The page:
18,759 Views Sunday 22 Jan 2017, 10:00 AM ‘The clock is ticking’ for Scotland to call a second independence referendum First Minister Nicola Sturgeon says that Scotland is now in “uncharted waters”. Jan 22nd 2017, 10:00 AM Share Tweet Email THE COUNTDOWN TO a second Scottish independence referendum appears to have begun after Prime Minister Theresa May laid out the course towards a “hard” Brexit – but Scots are as divided as ever.Scottish First Minister Nicola Sturgeon said another vote was “more likely” than ever after May outlined her plan to pull the country out of the EU’s single market despite Scotland’s objections this week.“Time is fast running out for the UK government to convince us that they care one jot about Scotland’s interests,” Sturgeon told the Scottish parliament on Thursday.“If they don’t, Scotland does face a choice: do we go down the damaging path set out by Theresa May… or do we want to take control over the future of our country?”Following a meeting with Brexit minister David Davis on Thursday, Sturgeon’s representative Mike Russell said: “The clock is ticking”.Scotland voted in 2014 by a margin of 55 to 45 percent to stay in the United Kingdom.But Sturgeon argues that last year’s vote for Brexit has left Scotland in “uncharted waters” since a majority of Scots instead opted to stay in the EU.She has put forward proposals for Scotland to be allowed to remain in the single market even as the rest of Britain leaves and has drafted an independence referendum bill just in case.Her independence ally Patrick Harvie, co-convener of the Scottish Greens whose votes she needs to get a second referendum through parliament, has predicted it will be held some time in 2018.‘Tension in the family’The dilemma for Sturgeon is that many Scots say the EU referendum has not changed their minds on independence.The latest poll of 1,002 respondents carried out by BMG Research for the Herald newspaper last month found 55 percent against and 45 percent in favour — the same split as in the 2014 vote. Scotland voted to stay in the EU, and Theresa May signalled a hard Brexit earlier this week. Source: Andrew Milligan PA Wire/PA ImagesMother and daughter Irene and Cara Henney, from Paisley on the edge of Glasgow, are typical of the generational divide seen in both the independence and EU referendums.Irene, 55, who works in sales, said no to independence but yes to Brexit.“Sturgeon has lost sight of what matters to the Scottish people, like health and education… By calling for a second referendum she’s probably alienating a lot of people,” she said.Cara, 18, a student, voted yes to independence in her first ever national vote after the Scottish government lowered the voting age to 16.Cara missed the EU referendum, which was reserved for over-18s, but said she would have voted to stay.“While I don’t agree with some of Sturgeon’s priorities, now that Scotland is being taken out of the EU against its will she is giving us an opportunity to fight back,” she said.Asked about the differences with her mother, she said: “It does cause some tension in the family”.Stuart Salter, 34, a town planner from Edinburgh, voted No to independence and wants to remain in the EU.He said: “The Brexit vote hasn’t changed my mind about independence.“Driving Scotland towards another independence referendum will only add to the present uncertainty”.Campbell Fraser, 50, a drama workshop director from Clarkston, south of Glasgow, said he wanted Scotland to be an independent EU member state.“We have to make sure we win because I don’t think we’ll get another chance in my lifetime,” he said.Forced independence bid?Political experts believe Sturgeon may be left with little choice but to call a referendum.But Michael Keating, director of the Economic and Social Research Council’s Centre on Constitutional Change, told AFP: “There is no sign whatsoever that the UK government is going to take (Sturgeon’s) proposals seriously.“They have to say they are, because if they reject it out of hand, they will be playing right into the Scottish government’s hands,” he said.Nicola McEwen, professor of Territorial Politics at Edinburgh University, said Sturgeon had left no “compromise position” for Scotland.“The worry for the Scottish government is if you hold a second referendum and lose it, you lose the leverage for Scotland within the United Kingdom.“But if the situation is such that there doesn’t appear to be much leverage now anyway, the Scottish government may decide it has nothing to lose.”© – AFP, 2017Read: 8 things we learned from Theresa May’s Brexit speechRead: Scotland first minister ‘not bluffing’ about second independence referendum https://jrnl.ie/3196065 As the clock ticks down, get all the best Brexit news and analysis in your inbox: By AFP 73 Comments Short URL Tweet thisShare on FacebookEmail this article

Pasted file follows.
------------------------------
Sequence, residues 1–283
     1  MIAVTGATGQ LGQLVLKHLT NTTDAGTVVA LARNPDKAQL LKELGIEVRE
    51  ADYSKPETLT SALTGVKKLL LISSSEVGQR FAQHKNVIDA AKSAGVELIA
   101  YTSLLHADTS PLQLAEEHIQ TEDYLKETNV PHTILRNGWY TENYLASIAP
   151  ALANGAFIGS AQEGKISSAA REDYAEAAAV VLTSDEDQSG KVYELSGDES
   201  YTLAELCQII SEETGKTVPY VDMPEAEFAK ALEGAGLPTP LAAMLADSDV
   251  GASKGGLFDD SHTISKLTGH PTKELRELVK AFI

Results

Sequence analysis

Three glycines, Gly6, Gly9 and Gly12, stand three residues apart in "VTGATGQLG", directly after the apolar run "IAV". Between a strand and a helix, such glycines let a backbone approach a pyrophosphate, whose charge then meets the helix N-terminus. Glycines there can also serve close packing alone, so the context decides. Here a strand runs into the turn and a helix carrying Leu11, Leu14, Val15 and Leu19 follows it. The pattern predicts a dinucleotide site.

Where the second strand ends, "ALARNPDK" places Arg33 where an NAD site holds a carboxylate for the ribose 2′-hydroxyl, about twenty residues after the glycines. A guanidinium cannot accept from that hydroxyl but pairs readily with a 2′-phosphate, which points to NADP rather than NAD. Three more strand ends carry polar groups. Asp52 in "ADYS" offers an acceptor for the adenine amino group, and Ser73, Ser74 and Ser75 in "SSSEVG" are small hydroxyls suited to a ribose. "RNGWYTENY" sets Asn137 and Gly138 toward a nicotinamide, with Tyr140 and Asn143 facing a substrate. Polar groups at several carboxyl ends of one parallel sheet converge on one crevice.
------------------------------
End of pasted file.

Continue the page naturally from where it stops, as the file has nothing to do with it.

Rumeur: Nokia nie en bloc son rachat par MicrosoftAprès un partenariat très étroit entre les deux parties, des rumeurs ressurgissent des profondeurs de la Toile arguant que Nokia pourrait être absorbé par le géant Microsoft. Mais le premier constructeur mondial de téléphones dément toutes ces informations.Le partenariat entre Nokia et Microsoft avait interpellé en début d’année 2011. Les deux sociétés étaient contraintes de s’allier pour tenter de retrouver une place honorable sur le marché des smartphones. À lire aussiHTC préparerait deux tablettes tactiles pour Windows RTFin 2011, le partenariat a porté ses fruits, principalement pour Nokia, qui retrouve des couleurs avec un Lumia 800 très apprécié et, pour la première fois depuis longtemps chez le finlandais, attendu par les amateurs de smartphones. Les rumeurs avaient dès lors parlé d’un rachat de Nokia par Microsoft. Plus les mois passèrent, plus elles s’intensifièrent jusqu’à aujourd’hui où, selon Clubic, l’établissement financier Danske Bank, l’un des plus grosses banques au Danemark, aurait informé ses clients que Nokia avait décidé de vendre sa division mobile à Microsoft dans le courant du premier semestre 2012, pour un montant de 13 milliards de dollars.Mais pour le constructeur finlandais, tout ceci n’est que bruits de couloir et pures spéculations. A la question d’un rachat, Doug Dawson, porte-parole de Nokia, est lapidaire: “Nous avons mis fin à ces rumeurs, il y a longtemps.” Toutefois, rien n’est gravé dans le marbre. Qui aurait pu parier avant le mois d’août dernier d’un rachat de Motorola par Google ? Dans ces sphères technologiques, toute hypothèse commerciale est envisageable. Le 15 décembre 2011 à 17:15 • Maxime Lambert
Brendan Rodgers has downplayed the idea of a dugout battle with Steven Gerrard ahead of Sunday’s Old Firm derby between Celtic and RangersGerrard played under Rodgers at Liverpool for over three seasons and will now face his former boss as Rangers manager.The 38-year-old is the fourth Ibrox coach to go head-to-head with Rodgers and is unbeaten in his first 11 games in charge.Speaking ahead of Celtic’s return leg of the Europa League play-off tie against Suduva on Thursday night, Rodgers said on RTE: “I am looking forward to seeing Steven.“He is a good guy, we worked well together at Liverpool. I don’t necessarily see it as a dugout battle, I see it as the teams on the field.Match Preview: Manchester United vs Leicester City Boro Tanchev – September 13, 2019 Old Trafford is the venue for the Premier League encounter between Manchester United and Leicester City, which kicks off at 16:00 (CET) on Saturday.“Whatever coach or manager is there at the time, it is irrespective to me.“It is about looking at them and how they play and preparing the team in order to win the game. That’s what I have tried to do in the 11 games against Rangers in my two years here.“So that’s the focus really. Try to analyse them the best we can. There is no doubt Steven has made a difference to them and made a change to them, a positive change.“No matter the form, they are always tough games so our notion after Thursday will be to focus on that and be ready for it.”Rodgers is unbeaten in his 11 fixtures against their bitter rivals Rangers since becoming Celtic boss in 2016.